Think of what gets in the way of a full life for us. Think of the things deep in us that cause us to feel alienated, lonely or without purpose or hope. All these things are left behind in that empty tomb. With the resurrection, real life begins.
Do you really want to know if the two Mary’s actually told anyone about the Risen Jesus? Do you really want to know how the story turned out? Look around you. They had to have told someone. You are here. Two millennia later, you and me and all of us are here telling the story once again: Christ is risen. The Lord is risen indeed. Alleluia!
The story did not end. We are the Gospel story now. We are the ones who show off the incarnate, risen Jesus to everyday people. We are the ones who demonstrate through our words and actions that Jesus is alive and God’s Spirit is active and that God is renewing and rebuilding creation.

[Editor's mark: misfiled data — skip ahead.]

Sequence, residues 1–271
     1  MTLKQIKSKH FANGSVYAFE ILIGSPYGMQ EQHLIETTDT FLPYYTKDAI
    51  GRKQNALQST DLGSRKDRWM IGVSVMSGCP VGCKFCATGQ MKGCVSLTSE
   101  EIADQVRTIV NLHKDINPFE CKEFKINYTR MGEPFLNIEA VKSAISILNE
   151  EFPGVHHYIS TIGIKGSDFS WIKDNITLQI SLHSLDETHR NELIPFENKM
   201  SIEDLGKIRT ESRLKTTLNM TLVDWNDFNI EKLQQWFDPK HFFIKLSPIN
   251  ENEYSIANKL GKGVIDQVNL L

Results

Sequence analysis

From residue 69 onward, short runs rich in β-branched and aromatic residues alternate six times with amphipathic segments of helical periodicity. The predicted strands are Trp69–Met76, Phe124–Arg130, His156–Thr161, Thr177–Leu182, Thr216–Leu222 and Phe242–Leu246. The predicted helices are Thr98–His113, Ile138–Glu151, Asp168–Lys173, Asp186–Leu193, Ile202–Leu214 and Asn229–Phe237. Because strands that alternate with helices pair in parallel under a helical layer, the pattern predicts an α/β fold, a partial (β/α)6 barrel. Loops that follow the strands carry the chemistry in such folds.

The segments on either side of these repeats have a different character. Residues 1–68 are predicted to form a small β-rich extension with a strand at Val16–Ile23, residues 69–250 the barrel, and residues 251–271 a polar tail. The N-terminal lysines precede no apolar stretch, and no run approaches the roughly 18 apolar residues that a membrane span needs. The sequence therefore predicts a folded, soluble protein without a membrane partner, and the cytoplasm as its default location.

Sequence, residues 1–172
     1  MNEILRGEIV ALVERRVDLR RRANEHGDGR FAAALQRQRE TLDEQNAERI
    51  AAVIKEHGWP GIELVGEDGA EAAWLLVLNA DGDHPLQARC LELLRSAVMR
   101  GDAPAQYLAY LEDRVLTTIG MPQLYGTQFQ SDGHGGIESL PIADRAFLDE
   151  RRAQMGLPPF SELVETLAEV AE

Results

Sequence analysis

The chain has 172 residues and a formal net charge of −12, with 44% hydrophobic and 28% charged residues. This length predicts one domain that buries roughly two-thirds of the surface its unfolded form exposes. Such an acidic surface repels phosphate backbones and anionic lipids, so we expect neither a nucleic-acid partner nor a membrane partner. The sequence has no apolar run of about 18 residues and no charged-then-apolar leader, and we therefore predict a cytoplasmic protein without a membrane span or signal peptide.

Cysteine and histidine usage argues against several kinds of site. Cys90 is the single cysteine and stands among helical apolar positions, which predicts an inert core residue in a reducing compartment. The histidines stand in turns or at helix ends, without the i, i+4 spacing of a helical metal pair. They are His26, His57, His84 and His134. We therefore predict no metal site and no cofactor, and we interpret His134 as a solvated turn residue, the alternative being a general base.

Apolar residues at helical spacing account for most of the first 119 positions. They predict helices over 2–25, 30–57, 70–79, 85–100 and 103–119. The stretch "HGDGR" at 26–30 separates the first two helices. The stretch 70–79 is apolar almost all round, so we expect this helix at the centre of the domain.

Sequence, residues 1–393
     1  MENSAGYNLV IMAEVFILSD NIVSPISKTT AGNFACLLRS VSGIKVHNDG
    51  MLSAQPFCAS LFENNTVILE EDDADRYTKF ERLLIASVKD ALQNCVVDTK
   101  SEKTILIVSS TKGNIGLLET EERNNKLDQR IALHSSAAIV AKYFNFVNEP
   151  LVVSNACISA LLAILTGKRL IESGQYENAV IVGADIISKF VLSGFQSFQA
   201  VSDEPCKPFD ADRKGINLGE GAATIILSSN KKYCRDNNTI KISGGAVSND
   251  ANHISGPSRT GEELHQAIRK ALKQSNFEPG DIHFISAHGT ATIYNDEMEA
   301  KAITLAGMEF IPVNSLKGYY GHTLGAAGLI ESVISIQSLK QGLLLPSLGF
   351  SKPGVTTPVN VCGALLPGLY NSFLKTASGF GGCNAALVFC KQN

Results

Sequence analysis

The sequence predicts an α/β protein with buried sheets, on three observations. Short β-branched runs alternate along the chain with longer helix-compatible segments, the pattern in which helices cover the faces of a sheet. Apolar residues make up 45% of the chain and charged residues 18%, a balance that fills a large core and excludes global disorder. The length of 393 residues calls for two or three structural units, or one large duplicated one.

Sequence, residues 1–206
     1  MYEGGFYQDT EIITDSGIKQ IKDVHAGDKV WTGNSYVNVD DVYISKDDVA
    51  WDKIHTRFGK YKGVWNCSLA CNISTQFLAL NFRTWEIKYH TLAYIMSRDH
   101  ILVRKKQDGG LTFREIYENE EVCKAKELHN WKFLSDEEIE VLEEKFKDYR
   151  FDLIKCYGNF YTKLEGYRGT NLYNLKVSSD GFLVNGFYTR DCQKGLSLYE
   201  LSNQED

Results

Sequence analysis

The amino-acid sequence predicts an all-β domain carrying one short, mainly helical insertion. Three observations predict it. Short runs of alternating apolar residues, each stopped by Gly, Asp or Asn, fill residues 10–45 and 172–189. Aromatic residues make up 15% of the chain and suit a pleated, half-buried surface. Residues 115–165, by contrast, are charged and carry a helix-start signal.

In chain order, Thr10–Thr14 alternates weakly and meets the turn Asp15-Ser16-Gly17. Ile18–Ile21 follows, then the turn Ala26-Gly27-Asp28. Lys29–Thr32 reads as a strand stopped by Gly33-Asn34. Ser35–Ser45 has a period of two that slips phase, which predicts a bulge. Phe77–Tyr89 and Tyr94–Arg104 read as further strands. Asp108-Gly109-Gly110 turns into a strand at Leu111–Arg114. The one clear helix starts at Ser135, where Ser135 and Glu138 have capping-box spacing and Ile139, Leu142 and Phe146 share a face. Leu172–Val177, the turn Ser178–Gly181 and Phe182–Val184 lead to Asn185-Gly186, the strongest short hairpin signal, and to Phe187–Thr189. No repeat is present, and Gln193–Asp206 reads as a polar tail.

We begin to take part in that real life right now. Through faith and in our baptisms, we join with Jesus in continuing the story. Through Holy Eucharist and the rest of our sacramental life; through our life among other Christians, and in our caring for others we discover this new risen life unfolding in us right here, right now.
The cross is not the end and the resurrection is not a sequel. It is the beginning of renewed, redeemed life. We are not a sequel, either. We are the Gospel story unfolding.